Making pesto from the garden

Making pesto from the garden

I love making a mixed green pesto as it uses a variety of raw greens I know are good for me but I probably wouldn’t include in a meal unless I was having a salad or a smoothie.  And I struggle with having a green smoothie. A traditional pesto recipe uses basil, pinenuts, garlic, oil and parmesan cheese but it’s very flexible really. When I make it I swap out pinenuts for whatever cheaper option I have on hand and instead of just basil I use whatever garden greens I’ve got growing.  Here’s a recipe for you to try.

Making pesto from the garden
A selection of disorderly growing greens for pesto making

Pesto recipe

Ingredients
  • 50g nuts – almonds, cashew or walnuts.
  • 2 cups of loosely packed greens – parsley, coriander, silverbeet etc  (washed with large hard stems removed)
  • 4 TB (60ml)  olive oil
  • 1TB lime or lemon juice
  • 25 g parmesan cheese – grated
  • white or black pepper to taste

Optional –

  • 1-2 cloves of sliced garlic – confit or roast garlic works well
  • apple cider vinegar
  • salt
Make

Pesto recipes will often get you to toast the nuts before using. I usually don’t as it’s just an extra step and pan to clean but feel free to do this.

Here’s my steps for processing the pesto in the spice grinder attachment of my food processor. I find the main processor doesn’t grind everything up small enough. Yours might be different – follow the same process.

  • Grind the nuts and remove from the processor
  • Add a third of the roughly chopped mixed greens along with the lemon or lime juice and 2TB oil. Whizz to a paste.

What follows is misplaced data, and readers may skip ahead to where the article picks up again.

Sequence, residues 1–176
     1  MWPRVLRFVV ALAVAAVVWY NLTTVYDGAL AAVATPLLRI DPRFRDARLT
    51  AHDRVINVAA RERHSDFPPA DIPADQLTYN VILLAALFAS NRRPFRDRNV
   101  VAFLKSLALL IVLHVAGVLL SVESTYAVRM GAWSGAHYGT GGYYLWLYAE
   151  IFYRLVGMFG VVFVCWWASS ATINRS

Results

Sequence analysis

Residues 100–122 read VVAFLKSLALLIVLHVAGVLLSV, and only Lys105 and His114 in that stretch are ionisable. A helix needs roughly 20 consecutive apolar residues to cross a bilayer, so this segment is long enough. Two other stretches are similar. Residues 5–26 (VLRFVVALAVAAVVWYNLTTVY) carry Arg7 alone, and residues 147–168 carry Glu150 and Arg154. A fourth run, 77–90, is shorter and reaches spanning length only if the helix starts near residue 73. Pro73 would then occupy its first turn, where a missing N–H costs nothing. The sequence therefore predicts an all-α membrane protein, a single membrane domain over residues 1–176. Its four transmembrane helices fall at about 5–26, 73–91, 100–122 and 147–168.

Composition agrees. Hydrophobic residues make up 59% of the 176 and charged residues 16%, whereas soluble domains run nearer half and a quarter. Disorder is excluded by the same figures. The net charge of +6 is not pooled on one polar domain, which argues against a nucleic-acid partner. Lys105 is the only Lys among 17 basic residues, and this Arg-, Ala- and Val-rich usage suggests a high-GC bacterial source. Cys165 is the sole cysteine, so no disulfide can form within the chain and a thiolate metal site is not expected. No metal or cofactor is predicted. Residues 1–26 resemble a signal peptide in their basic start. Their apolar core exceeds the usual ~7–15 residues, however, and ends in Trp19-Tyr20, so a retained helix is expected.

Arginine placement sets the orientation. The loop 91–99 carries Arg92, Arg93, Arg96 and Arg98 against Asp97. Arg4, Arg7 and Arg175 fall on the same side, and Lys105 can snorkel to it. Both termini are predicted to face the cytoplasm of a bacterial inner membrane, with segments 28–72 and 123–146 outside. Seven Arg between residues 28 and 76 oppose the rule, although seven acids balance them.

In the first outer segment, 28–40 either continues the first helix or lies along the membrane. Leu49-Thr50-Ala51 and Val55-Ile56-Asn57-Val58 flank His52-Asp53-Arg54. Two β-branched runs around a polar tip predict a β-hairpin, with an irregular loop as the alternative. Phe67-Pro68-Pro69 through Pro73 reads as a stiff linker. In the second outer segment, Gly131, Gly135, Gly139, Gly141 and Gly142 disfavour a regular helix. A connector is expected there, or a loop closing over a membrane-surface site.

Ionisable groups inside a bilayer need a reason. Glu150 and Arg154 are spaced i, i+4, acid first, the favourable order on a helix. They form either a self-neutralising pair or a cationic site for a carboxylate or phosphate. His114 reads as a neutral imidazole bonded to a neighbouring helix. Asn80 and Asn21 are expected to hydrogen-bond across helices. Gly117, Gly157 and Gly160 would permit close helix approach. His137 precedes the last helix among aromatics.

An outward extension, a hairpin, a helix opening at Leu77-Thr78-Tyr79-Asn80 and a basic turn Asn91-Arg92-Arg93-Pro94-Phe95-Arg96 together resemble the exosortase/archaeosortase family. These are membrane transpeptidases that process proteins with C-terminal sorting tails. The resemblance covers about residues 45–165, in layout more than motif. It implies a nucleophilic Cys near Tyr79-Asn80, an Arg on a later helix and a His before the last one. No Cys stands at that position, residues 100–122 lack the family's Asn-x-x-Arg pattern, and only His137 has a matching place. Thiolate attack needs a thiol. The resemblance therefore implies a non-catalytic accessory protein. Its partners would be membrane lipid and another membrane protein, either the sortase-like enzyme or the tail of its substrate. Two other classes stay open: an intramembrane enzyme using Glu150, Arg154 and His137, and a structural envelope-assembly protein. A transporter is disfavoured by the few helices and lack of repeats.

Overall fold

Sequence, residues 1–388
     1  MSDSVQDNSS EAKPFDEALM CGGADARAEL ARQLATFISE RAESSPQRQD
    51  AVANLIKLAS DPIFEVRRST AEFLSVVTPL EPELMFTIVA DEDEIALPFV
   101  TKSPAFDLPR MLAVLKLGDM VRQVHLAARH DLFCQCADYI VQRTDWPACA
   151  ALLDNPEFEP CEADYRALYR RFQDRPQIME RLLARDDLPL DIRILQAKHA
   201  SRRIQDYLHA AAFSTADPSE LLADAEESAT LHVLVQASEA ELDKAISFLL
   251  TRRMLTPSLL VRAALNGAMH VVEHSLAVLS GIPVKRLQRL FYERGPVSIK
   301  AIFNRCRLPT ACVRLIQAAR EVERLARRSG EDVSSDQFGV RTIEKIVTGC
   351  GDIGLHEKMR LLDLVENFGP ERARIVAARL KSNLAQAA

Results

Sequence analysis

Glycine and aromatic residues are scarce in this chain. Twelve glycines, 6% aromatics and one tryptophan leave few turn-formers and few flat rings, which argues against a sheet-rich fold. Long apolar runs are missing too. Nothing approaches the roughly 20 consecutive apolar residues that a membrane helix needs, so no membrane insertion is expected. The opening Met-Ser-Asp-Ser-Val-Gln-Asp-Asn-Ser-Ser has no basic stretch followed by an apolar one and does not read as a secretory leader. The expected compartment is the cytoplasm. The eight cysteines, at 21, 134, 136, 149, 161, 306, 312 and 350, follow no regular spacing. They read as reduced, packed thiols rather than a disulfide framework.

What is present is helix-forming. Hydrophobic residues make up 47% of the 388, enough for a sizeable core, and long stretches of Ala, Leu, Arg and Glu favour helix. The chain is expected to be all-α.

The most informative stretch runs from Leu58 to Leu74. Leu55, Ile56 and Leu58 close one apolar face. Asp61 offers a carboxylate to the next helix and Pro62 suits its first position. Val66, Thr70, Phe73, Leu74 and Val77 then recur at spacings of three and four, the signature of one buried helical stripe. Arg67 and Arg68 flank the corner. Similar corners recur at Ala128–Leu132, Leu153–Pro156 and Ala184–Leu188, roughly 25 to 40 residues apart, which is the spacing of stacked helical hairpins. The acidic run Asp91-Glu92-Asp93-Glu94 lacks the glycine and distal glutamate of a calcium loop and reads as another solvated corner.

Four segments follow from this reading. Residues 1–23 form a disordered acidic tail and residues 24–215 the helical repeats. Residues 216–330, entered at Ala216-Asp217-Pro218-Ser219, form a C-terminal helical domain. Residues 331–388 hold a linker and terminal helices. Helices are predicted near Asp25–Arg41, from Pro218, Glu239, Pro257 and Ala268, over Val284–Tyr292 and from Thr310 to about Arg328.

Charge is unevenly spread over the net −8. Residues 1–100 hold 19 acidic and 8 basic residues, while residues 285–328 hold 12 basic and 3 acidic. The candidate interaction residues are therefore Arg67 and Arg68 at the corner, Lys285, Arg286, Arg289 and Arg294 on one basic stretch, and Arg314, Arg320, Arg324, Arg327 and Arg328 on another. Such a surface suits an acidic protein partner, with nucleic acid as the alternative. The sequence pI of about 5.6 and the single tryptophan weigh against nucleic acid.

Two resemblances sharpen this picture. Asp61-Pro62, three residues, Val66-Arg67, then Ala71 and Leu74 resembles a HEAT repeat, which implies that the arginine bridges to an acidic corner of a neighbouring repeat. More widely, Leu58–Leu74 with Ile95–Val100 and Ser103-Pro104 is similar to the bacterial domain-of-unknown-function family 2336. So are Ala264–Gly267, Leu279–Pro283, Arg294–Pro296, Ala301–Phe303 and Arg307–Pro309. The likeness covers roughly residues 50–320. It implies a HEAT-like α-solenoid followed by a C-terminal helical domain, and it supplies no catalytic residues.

• Add another third of the greens and whizz then add the rest. Add more oil if necessary to make a fluid paste
  • Add the grated parmesan cheese and a little white pepper and whizz to mix
  • Olive oil. At this point you might have only added 2TB – add more to bring it up to 3 TB
  • Add the now powdered nuts back in. In my spice grinder I do this in a couple of batches. Add more oil if it’s too thick. You may end up using more or less than 4TB – it’s more of a rough guide.
pesto
Adjust

It’s not finished yet – taste.  Although I’ve given some quantities the amount of everything can vary.

  • Acid – your lemon or lime might be more or less acidic to your taste. Add apple cider vinegar or more juice if you prefer.
  • Salt – parmesan cheese should be quite salty but add a little salt if it needs more.
  • Garlic – I use to add garlic but don’t always now as the raw garlic taste can be overpowering. Confit or roasted garlic is nice in small amounts but again your preference will vary.
  • Greens – pesto is traditionally made with basil but I don’t always have it growing and often don’t have much of it. Use parsley, coriander, beetroot leaves, silverbeet, bunching onion – whatever you have available. Peppery greens such as upland cress, rocket and nasturtium leaves add a nice peppery bite but don’t add too much. They can need more lemon or lime juice to balance them out.

Taste also comes down to personal preference.  I’ve tried several pesto recipes over the years and have often been disappointed when I stuck to the recipe before I realised how many factors influence the taste (as I’ve mentioned).  It can take a bit of tweaking once the pesto is blended but keep adding a bit more cheese, salt or juice until you get it to taste how you prefer.  Then write down what you did so you can re-create it. If you’ve grown the greens yourself then making your own pesto is cheaper and fresher than buying it.

Use pesto
  • As a spread on sandwiches or toast
  • Dollop a spoonful into a bowl of soup (eg pumpkin or vegetable)
  • Mix it with some plain yoghurt as a side dressing for a meal
  • Use it as the base for a pasta or noodle meal.  Freeze some to use for this.

Have you tried my pesto recipe or have a favourite you make? Let me know in the comments below 🙂

this ridiculous beetroot refuses to go to seed so the leaves get used in everything

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